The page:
Like that ESPN commercial “Without Sports”: where would we have happiness despiteracism, classism, (hetero)sexism, ageism, etc…sort of an evening of drinking/drug usewithout the hangover (although anyone who was supporting Pedro and the Red Sox in 2003 might contend that a sport hangover is just as painful)…oh crap I just called himPedro and not Pedro Martinez. Does this mean that I am taking part in a type of neo-colonial racism?… Maybe!
Thus, to a point, I agree quite readily with most of Grainger’s views, particularly in hiscontextual understanding of the contemporary moment within which we exist. However,I do find some of his arguments quite contentious. For example, his assertion thatchoosing Sport Studies, in its myriad forms, was easy because he was already into sportssimilar to those who conduct ‘Buffy’ studies (thereby “justifying their/our pleasure”) seems to trivialize matters in two important ways.
First, and where I find Grainger’s suggestion that many are “justifying our pleasure”dangerous, is the fact that perhaps we study things that are important to us, trivial or not,because they inform our daily lives to the point that we can and do become irrationally involved in them. Further, what does his suggestion say about people who conduct studies on the social construction of fat, sexuality, class, race, etc., which may actually be fun for them but actually really do potentially affect students/readers of their work in very real, emancipatory ways, despite the fact that it may be to the detriment of the many?
Thus, for me, I don’t care about coming to terms with my fan self and my academic self –it’s essentially irrelevant. If I choose to root for particular teams, despite their inevitablehistorical and contemporary sociological failings (if you look –it doesn’t have to be too hard- you’ll see them), does this make me any less apt to instruct/learn from/with othersabout them? I guess what this means to me then is that support for a team is no more orless damning than working for a University, wearing clothes bought from Old Navy, or writing blogs on a PC or Mac. In other words, for me to come to terms with being a fan and an ‘academic,’ I recognize that its wrong on a grand scale, but I also realize that thereare things to be gained from sports – even sporting contests – that seemingly offer little to challenge ‘norms’. As David Zirin (author of A People’s History of Sport) said in his2007 speech at the University of Maryland, Jackie Robinson was a first choice forspeaking about civil rights in front of Martin Luther King Jr – that’s powerful stuff. Howard Zinn (2003) writes about how sporting heroes and musicians and artists have allplayed profound roles in getting society where it is today, both affirming and/orsubverting dominant society – again another way to shape society without necessarily having a prerequisite class positionality that affords an individual that time of power.
The second thing that bothers me about Grainger’s post is the fact that despite its seemingly questionable source of interest, important work can be done in these fields particularly at the teaching/learning level.Take my alma mater, Ithaca College, for instance. Prominent alums from that school include Michael Iger (CEO of Disney), David Boreanaz (Angel on Buffy), and Jason Gonnella (one of the most successful salespersons in professional sports). If Iger took a class with Henry Giroux (author of The Mouse that Roared) before graduating, would itmatter that Giroux liked Disney movies? Would he have heard any less subversive ideas about how to understand the meaning of these films, how they a/effect peoples lives, and how the repercussions of the choices made at Disney within our neoliberal system serve as a profound source of public pedagogy? Similarly what if Boreanaz took class from one of those scholars who conduct “Buffy” studies? Same with Gonnella, who did take courses with Stephen Mosher and Ellen Staurowsky, individuals who have influenced not only me, but also professors Kyle Kusz and Michael Giardina through their courses. Mosher loves the Boston Red Sox, historically the most racist team in all of MajorLeague Baseball, but did that prevent him from being a good teacher to his students? I don’t think so. As Giardina outlines in his book, these two teachers introduced us to thinking about something that we take on so readily and emotively without question in adifferent light. Their positions were also much more compelling choices than what ourseemingly luxurious (maybe) internships afforded us.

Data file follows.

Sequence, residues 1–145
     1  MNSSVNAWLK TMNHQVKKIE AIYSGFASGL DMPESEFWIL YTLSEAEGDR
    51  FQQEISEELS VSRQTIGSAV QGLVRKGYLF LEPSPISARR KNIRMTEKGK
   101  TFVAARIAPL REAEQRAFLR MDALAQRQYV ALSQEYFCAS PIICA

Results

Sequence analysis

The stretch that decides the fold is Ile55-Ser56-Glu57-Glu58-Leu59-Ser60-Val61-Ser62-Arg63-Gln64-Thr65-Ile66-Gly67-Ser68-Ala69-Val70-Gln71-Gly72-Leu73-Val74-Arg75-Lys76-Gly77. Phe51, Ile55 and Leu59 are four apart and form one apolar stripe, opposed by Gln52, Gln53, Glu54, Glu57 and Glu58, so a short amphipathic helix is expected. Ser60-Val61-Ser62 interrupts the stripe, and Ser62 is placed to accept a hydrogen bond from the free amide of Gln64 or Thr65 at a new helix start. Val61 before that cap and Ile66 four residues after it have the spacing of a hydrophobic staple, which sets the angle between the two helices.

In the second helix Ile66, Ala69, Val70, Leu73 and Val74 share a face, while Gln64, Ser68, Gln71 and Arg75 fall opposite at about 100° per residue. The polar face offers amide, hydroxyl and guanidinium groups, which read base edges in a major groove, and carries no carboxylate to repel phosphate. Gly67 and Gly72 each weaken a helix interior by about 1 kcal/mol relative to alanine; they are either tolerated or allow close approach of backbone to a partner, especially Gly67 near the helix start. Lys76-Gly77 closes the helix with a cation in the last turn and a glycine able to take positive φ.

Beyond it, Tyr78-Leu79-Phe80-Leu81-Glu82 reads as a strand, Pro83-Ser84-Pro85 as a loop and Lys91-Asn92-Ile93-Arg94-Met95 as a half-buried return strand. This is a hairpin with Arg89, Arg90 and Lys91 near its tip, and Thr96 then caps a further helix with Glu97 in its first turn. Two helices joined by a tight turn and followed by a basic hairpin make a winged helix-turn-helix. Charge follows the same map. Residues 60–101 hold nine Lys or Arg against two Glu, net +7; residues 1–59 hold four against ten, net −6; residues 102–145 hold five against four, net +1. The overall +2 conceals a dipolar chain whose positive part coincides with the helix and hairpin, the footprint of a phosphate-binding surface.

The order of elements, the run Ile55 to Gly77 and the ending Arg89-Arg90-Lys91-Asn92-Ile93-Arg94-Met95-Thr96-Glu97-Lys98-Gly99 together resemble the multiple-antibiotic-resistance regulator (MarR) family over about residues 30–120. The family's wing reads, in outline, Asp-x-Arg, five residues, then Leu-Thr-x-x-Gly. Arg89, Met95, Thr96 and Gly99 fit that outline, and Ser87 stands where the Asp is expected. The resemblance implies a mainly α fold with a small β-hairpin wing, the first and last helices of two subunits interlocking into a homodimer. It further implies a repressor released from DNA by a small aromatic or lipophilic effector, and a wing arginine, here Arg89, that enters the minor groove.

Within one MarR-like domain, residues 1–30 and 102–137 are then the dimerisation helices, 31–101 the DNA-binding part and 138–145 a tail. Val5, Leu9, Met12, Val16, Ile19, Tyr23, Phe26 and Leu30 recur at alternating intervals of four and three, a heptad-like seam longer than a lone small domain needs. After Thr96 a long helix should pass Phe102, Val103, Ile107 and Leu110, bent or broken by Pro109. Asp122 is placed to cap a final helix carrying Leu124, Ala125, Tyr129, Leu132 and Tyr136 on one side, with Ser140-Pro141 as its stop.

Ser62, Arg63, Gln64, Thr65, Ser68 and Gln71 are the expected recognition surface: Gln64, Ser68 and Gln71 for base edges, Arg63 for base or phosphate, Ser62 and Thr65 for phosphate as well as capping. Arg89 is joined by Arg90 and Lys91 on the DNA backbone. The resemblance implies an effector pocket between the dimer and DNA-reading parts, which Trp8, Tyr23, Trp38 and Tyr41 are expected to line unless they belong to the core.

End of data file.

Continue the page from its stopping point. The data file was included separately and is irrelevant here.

For example, I was lucky enough to go to London for eight months and work for MajorLeague Baseball International. During that time I was doing something I loved –teaching kids how to play baseball. The problem was that while I was teaching kids howto play baseball, I was also handing out Detroit Tiger, New York Yankee, and Boston Red Sox caps to help cultivate a new crop of consumers for MLB. Had I never taken courses with Staurowsky and Mosher, would I have questioned what I was doing orwould I have continued on my path of indoctrination into overt and heartless capitalaccumulation? Probably the latter.
In other words, what I am saying is that yes, fandom of particular sports teams found me,but studying sport critically did as well. As Grainger says there’s no easy way around it other than to refuse to turn off your critical mind while watching teams and athletes that welike, just the same way we don’t turn off our critical minds while we read socialcommentators that we like.
Did you know that Chomsky doesn’t like Althusser or dialectic thinking? I like them both. Should the theoretical me and the atheoretical me now do battle?